Old Jokes Never Die | Newberry

Old Jokes Never Die

“Better be killed than frightened to death.”

I’m not sure whether that’s a suitable quotation for this week in history, but it sounded cheering, somehow. I was looking for something humorous by this author, though, not wisdom.

“There may be said to be three sorts of lawyers: able, unable, and lamentable.”

See, I’ve been getting more books by this author than I usually do, and it’s something of a struggle to get them into the Humor category. I had a discussion of a similar nature once with a theatre scholar who had studied comedies, and felt they essentially came in three sorts, too: Under a Century Old, Shakespeare, and Not Funny.

“It is best to let the horse go his way, and pretend it is yours.”

See, Robert Smith Surtees, generally known as R.S. Surtees, died over a hundred and fifty years ago. In his day, he enjoyed fame as a wildly popular humorist. He was not to everyone’s tastes: his wit was hardly elegant, and as a writer he lacked ability in a few side issues like plot. But he was considered a good observer of nature, both in the wild and in town. All the young up and comers studied him to get the hang of what he did well, and his stories were popular enough that a publisher competing with his tried to copy his success. First hiring an illustrator to draw funny pictures, the publisher then picked an author to write something like Surtees’s stories. And so Charles Dickens wound up writing The Pickwick Papers, which annually sells more copies than Jorrocks’s Jaunts and Jollities.

“Life would be very pleasant if it were not for its enjoyments.”

Mr. Jorrocks, Surtees’s most famous character and hero of much of his work, is a part of the problem, really, of selling the books in this country. Jorrocks was a jovial chap who had made his money running a grocery and now had enough money to make a fool of himself indulging his favorite hobby. This is a situation which will stand the test of time. Especially when the hobby involves the arts or sports, or anything else which requires skill, we can all laugh at the rich man who tries to do it. We may have made fools of ourselves over something similar, but the fact that the hero is also very rich makes it that much more fun to see him trip over himself while doing it.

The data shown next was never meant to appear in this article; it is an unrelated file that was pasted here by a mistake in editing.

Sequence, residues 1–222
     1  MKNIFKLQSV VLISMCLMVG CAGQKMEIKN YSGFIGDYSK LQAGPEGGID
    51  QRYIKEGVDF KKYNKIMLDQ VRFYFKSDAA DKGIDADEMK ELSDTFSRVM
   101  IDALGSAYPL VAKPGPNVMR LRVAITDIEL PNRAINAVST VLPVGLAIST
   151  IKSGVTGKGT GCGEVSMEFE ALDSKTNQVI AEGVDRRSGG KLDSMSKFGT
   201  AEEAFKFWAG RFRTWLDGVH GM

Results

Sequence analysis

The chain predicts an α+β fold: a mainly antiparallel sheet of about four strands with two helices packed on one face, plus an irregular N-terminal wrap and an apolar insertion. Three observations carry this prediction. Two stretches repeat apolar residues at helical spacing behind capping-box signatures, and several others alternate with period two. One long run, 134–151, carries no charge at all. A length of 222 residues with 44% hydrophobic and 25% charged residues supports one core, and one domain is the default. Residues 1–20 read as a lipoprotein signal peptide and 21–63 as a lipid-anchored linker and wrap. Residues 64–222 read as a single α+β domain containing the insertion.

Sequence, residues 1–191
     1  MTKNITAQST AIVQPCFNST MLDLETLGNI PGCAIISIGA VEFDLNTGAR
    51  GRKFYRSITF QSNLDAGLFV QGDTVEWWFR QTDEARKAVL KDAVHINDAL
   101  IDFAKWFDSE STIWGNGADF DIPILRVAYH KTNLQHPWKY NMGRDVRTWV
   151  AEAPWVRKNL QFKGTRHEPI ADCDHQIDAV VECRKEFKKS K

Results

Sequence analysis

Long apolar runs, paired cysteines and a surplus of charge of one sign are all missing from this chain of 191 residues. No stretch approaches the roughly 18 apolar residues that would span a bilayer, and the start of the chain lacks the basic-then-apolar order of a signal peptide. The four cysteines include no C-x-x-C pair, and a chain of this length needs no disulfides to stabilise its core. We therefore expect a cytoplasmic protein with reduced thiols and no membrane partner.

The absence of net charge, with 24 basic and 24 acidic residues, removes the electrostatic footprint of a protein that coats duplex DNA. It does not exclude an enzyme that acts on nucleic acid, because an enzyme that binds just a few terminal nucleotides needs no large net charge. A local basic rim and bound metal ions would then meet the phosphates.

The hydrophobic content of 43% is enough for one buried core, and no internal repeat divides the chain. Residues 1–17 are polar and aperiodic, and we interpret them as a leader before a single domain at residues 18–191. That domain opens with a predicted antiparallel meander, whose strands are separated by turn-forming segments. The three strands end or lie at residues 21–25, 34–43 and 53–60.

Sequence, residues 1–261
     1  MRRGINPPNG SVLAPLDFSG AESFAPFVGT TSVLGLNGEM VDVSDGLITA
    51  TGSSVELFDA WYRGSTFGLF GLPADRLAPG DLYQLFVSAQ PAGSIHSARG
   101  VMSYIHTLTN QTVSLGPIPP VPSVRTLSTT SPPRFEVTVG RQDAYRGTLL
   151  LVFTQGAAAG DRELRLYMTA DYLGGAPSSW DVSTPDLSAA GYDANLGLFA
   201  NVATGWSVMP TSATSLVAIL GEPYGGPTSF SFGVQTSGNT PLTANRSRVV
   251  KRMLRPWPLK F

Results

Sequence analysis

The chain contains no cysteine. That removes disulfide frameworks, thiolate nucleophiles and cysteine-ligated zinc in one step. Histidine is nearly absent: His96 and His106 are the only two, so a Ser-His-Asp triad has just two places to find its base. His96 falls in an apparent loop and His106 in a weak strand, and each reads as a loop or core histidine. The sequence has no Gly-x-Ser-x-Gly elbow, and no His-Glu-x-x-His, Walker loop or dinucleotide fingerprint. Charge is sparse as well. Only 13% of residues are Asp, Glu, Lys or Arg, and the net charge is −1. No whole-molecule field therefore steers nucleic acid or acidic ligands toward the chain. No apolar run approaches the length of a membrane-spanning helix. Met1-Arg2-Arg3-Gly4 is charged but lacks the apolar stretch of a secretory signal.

”The horse loves the hound, and I loves both.”

The problem is that the passion of Mr. Jorrocks’s life (as well as that of Mr. Surtees) was fox hunting. Fox hunting has come to lack the mass appeal that it had in the 1830s. The incongruity of seeing a grocer mixing with the horse set is lost on those of us who have never ridden to hounds.

“The image of war without its guilt, and only five-and-twenty per cent of its danger.”

Jorrocks, I am told, lost some of his popularity when he became a Master of Hounds: readers seemed willing to accept him as a hunter but not as a Master of any kind. Then, getting older, Jorrocks gave up the hunt for politics, and either lost his unique perspective or his sharp edge. You’d think making fun of politicians would be easy enough for any writer, but Surtees was more at home with the characters of a country village than with those of big city politics. (And, it seems, he just wasn’t as interested in politics as he was in fox hunting.)

“Champagne to our real friends, and real pain to our sham friends!”

Well, anyhow, for reasons not known to me, people have been donating the works of Mr. Surtees, including a couple of copies of his first and, they tell me, best book, Jorrocks’s Jaunts and Jollities (also his worst title), and they will be in Humor if I have much to say about it. Buy a copy and if you laugh, well and good. If not, well, we have a lot of younger humorists who are even less funny.

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